Roger Brown (1941–1997) lived primarily in La Conchita from the late 1980s until his untimely death in 1997. The community and its environment inspired many of the artist's paintings during the last decade of his life. Brown was a member of the class-action lawsuit filed against La Conchita Ranch as a result of the 1995 mudslide, and some of his works depict the cataclysmic events of that day rendered in his signature style. His works are in major museums and private collections throughout the country. The artist's estate and collections are maintained at the Roger Brown Study Collection at the School of the Art Institute of Chicago.
1992- renowned Chicago architect Stanley Tigerman Architect, (b. 1930- ) completes the studio home of artist Roger Brown (1941–1997) on Ojai Street.
The pink adobe home has become a significant landmark in La Conchita. Brown had fought for more than two years to get the design of this studio through the Ventura County Planning Commission and even commemorated his frustrations with the Commission in a now famous painting.
1995- first major mudslide affecting the village of La Conchita.
2004- Roger Brown residence purchased by ER Nurse Bill Harbison. 1.5 months later the 2005 landslide occurred, during which he was responsible for two live rescues, for which he was awarded the Medal of Valor by the Ventura County Fire Department and the State of California.2005–present
2005- On January 10, 2005, the 2005 La Conchita Landslide took the lives of ten La Conchita residents.
On Jan. 15, 2005 the residents formed the La Conchita Community Organization (LCCO). The LCCO has worked with Local, State and the Federal Government officials to resolve the landslide situation that has affected the community since 1995. In March 2006 Governor Schwarzenegger announced the allocation of $667,000 for a "comprehensive study to examine how to ensure the safety of the beachside community." The contract to the consulting firm was signed in April 2007 and a "draft" report was received at the beginning of 2009.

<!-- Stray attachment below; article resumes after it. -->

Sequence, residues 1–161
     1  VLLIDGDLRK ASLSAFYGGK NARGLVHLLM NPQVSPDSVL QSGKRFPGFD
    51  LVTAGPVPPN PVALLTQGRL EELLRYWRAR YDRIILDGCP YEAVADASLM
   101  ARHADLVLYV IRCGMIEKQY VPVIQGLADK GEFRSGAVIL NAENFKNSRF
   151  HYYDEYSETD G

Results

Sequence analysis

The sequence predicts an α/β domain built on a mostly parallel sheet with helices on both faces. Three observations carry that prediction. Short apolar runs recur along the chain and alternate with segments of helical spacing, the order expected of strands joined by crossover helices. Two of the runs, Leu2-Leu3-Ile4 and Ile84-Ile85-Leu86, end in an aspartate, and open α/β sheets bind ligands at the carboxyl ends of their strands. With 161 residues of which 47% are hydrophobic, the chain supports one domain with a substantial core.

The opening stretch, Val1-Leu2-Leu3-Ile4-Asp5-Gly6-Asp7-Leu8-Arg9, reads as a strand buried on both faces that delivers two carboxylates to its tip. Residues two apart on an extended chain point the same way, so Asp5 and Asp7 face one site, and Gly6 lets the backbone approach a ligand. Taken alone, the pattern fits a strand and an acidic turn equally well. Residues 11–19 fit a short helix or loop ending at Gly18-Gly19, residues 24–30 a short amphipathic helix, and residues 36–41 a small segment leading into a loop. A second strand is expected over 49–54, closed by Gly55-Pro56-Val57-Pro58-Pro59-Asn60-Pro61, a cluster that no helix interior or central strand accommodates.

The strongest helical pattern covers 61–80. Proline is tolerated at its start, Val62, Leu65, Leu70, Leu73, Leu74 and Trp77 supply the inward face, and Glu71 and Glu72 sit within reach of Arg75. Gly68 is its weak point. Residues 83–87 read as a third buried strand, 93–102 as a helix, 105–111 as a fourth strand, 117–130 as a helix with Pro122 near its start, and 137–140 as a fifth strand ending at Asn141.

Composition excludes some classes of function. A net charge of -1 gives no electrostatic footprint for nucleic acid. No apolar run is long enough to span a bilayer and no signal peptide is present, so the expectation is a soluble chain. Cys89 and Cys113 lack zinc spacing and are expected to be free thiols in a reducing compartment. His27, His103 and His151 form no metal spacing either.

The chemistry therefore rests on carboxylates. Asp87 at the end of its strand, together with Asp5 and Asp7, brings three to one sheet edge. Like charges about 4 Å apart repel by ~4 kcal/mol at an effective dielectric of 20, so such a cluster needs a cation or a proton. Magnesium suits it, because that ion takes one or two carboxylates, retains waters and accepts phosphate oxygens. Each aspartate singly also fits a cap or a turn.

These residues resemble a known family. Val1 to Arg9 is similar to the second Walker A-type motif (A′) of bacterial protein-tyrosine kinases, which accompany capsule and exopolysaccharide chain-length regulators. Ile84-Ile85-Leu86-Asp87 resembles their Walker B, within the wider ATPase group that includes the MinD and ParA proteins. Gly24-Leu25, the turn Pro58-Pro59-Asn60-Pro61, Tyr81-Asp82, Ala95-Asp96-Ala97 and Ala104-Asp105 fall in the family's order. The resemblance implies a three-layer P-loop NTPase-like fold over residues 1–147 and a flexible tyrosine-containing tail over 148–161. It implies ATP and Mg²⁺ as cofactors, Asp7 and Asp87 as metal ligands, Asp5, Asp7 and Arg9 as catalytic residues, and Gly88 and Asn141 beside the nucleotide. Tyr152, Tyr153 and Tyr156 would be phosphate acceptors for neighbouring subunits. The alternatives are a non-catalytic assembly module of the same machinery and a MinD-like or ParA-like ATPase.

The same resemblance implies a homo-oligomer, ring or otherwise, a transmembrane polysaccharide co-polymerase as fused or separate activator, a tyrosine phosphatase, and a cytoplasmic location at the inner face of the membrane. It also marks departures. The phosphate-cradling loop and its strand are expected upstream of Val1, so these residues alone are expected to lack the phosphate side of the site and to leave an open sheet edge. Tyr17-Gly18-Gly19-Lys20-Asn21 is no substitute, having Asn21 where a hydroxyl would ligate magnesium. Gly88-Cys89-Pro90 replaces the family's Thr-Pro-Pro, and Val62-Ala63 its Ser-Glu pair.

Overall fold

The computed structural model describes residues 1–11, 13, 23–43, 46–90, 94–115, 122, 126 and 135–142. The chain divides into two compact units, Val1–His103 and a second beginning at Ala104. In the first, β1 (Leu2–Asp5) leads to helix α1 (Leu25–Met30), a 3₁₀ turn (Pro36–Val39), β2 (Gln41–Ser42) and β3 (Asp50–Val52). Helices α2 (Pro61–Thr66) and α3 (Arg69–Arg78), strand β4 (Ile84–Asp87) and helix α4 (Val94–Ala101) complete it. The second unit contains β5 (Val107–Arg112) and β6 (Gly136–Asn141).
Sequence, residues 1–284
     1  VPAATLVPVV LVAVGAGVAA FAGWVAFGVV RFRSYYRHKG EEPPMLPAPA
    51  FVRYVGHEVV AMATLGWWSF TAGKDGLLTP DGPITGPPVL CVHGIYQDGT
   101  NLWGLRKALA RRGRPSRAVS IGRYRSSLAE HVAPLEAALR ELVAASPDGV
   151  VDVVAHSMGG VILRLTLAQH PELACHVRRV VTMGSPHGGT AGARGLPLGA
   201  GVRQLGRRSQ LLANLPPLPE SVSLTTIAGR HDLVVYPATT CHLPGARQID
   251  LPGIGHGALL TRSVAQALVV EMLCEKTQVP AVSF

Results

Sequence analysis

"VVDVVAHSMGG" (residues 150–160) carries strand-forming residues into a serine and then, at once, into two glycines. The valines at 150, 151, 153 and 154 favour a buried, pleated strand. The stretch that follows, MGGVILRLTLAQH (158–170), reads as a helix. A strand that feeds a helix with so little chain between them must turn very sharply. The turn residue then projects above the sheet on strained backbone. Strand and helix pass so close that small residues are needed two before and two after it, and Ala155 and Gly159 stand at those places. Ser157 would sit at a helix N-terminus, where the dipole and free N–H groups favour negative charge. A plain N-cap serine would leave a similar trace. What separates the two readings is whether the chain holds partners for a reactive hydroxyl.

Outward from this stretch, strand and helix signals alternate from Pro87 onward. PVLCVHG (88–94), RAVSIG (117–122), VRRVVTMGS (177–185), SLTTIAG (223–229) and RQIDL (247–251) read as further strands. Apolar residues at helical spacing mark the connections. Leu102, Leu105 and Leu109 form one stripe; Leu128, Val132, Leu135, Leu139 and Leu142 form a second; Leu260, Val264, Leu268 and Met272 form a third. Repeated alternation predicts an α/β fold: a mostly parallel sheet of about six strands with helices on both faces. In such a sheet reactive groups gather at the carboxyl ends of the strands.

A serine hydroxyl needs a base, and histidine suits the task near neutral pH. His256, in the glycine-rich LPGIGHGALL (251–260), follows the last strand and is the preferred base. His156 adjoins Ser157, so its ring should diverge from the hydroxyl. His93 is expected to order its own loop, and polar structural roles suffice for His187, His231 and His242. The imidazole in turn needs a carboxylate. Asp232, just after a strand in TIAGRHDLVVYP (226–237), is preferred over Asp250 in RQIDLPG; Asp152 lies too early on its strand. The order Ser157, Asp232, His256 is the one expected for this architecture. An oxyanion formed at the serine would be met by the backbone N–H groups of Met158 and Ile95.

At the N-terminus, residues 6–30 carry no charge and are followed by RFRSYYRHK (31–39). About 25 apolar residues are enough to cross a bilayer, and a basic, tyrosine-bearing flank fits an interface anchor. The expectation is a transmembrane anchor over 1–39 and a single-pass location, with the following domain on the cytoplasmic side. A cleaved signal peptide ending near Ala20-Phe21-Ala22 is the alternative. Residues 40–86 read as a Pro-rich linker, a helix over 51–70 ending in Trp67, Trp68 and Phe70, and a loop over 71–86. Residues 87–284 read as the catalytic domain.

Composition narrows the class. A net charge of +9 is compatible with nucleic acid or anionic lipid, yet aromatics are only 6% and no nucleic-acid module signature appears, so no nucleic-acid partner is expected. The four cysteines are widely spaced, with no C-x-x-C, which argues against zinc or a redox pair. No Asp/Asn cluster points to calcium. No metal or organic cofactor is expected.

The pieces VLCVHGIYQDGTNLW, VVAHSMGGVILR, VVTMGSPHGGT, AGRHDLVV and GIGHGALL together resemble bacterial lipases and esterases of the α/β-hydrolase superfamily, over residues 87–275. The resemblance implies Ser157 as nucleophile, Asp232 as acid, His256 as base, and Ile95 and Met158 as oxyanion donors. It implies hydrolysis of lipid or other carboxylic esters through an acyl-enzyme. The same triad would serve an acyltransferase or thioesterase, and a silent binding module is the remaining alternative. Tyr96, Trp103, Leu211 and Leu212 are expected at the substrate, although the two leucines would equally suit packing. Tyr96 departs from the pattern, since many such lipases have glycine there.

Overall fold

In 2008 plaintiffs representing family members of those killed and residents who lost property in the 2005 La Conchita mudslide successfully settled a lawsuit filed against the La Conchita Ranch. The Ranch was found partly negligent and settled. The assets of the ranch plus a cash settlement were turned over to the plaintiffs. (See:"Firm to Settle Suit Over Deadly La Conchita Slide "Los Angeles Times, California Section, Sept.9, 2008) among other California papers. The ranch has since been purchased and La Conchita residents are working with the new owners to coordinate the efforts for the future safety of all residents.